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Keep'em Watered

We need to be really vigilant about making sure our loved ones are kept hydrated. It’s important because poor fluid intake can lead to confusion, infection and falls. Dehydration is a particular problem for the elderly because of weakened thirst sensations and difficulty in reaching drinks. A study by the University of East Anglia has found that care homes have to sharpen up their act when it comes to detectng dehydration. It says that methods like checking eyes, skin and blood pressure, can be faulty.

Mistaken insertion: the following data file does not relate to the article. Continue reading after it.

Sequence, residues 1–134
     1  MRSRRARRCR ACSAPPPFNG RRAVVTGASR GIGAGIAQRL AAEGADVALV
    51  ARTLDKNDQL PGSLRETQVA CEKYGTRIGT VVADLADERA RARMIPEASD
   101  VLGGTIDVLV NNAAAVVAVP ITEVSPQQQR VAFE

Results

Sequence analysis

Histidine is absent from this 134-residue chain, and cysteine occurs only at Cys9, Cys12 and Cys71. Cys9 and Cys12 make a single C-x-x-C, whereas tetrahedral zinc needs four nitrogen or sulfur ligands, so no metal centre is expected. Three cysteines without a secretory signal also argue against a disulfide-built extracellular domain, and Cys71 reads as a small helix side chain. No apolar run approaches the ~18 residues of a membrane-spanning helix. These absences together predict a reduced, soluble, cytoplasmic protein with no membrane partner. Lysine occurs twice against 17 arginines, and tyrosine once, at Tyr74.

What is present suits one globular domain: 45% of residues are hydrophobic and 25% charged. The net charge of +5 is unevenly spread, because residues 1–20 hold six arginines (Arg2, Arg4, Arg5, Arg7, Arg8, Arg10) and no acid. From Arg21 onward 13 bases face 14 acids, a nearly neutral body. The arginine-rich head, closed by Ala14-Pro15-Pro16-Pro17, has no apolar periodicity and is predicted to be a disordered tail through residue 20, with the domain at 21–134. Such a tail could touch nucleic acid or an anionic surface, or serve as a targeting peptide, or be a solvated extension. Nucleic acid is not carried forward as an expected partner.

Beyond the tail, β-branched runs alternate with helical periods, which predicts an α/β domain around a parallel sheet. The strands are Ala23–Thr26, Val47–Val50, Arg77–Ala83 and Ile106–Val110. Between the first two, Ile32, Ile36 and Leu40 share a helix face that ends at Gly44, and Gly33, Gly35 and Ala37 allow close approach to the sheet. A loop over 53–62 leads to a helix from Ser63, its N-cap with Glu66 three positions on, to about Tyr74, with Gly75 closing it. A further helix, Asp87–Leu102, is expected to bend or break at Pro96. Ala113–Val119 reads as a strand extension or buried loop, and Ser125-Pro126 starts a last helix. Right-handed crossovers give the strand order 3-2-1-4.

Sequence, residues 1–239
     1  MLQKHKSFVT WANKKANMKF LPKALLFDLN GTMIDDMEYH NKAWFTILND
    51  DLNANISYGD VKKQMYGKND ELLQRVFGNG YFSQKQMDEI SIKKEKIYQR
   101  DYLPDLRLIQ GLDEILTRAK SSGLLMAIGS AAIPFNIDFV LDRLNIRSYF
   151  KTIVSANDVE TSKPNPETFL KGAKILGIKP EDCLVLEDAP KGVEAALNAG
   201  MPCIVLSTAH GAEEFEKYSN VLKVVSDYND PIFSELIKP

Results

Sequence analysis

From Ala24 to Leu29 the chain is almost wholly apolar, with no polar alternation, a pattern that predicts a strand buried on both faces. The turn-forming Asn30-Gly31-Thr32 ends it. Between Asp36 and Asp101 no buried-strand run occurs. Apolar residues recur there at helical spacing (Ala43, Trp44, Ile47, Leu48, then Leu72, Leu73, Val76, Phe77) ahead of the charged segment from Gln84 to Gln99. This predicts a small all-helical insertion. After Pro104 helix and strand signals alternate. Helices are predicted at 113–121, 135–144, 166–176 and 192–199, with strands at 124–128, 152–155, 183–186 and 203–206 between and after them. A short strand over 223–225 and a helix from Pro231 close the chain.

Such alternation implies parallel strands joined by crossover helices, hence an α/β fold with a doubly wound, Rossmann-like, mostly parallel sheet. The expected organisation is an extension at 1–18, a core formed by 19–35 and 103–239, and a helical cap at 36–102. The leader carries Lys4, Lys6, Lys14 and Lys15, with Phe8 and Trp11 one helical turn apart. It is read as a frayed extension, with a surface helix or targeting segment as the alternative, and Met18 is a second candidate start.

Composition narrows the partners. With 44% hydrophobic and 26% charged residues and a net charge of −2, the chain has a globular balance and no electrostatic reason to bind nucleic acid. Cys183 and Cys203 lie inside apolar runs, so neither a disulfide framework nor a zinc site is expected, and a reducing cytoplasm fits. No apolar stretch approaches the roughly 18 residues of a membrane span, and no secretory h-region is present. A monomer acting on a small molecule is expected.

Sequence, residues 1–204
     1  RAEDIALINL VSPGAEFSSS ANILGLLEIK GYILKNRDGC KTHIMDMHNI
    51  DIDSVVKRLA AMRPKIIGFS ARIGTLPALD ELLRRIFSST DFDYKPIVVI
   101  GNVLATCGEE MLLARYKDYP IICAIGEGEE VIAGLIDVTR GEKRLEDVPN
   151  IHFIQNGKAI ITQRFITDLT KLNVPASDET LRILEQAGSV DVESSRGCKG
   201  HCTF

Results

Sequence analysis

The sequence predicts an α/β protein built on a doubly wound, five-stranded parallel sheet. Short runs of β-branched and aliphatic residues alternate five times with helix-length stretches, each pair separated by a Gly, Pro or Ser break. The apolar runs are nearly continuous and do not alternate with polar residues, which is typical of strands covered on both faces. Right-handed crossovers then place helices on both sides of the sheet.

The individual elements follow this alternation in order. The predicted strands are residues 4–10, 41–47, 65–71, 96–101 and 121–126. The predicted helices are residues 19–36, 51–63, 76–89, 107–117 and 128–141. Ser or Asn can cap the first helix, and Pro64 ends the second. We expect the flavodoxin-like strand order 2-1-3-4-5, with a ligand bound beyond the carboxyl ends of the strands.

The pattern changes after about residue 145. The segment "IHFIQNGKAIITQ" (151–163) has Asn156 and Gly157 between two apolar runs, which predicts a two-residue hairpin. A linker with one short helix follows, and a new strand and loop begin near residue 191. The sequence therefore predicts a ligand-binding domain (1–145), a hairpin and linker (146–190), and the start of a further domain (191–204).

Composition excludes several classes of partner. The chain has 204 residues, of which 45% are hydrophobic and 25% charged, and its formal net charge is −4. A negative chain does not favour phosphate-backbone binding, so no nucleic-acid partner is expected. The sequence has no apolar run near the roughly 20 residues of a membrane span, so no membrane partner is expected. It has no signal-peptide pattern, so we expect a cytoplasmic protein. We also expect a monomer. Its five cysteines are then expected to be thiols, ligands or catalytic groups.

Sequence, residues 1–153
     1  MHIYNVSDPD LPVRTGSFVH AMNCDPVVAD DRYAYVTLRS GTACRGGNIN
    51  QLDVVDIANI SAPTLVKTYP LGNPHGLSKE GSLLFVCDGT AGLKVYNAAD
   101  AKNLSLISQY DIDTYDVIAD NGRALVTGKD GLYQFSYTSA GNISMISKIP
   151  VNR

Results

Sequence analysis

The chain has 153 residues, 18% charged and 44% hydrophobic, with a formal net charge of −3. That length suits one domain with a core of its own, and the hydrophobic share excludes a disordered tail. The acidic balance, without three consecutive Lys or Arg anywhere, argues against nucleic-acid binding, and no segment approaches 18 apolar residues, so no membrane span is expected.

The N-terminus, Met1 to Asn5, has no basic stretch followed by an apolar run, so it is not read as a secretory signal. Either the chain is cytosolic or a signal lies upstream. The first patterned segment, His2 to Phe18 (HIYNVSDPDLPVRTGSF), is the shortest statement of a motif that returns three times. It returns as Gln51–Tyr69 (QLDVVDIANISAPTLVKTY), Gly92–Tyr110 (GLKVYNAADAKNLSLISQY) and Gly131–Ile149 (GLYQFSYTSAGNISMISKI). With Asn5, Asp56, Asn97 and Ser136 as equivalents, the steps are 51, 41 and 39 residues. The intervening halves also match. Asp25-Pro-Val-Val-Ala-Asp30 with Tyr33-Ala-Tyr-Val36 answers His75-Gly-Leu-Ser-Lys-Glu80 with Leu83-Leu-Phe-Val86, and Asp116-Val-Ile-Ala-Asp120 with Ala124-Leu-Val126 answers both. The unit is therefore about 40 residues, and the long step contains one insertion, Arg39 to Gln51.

“We found that none of them were were able to accurately identify people with dehydration” according to Dr Dianne Bunn, lead author of the report. “ We need an inexpensive easy-to do test for dehydration in older people.”


Possible signs of dehydration
Feeling thirsty
Dry lips and mouth
Dark or strong smelling pee
Small amounts of urine
Dizziness or lightheadedness
Peeing infrequently
How to keep them hydrated
Make sure they drink during mealtimes
Encourage frequent sips from a water bottle
Make drinking a social thing, like having a cup of tea
Experiment with flavored drinks
Offer them food with a high water content – like soups or fruits like melon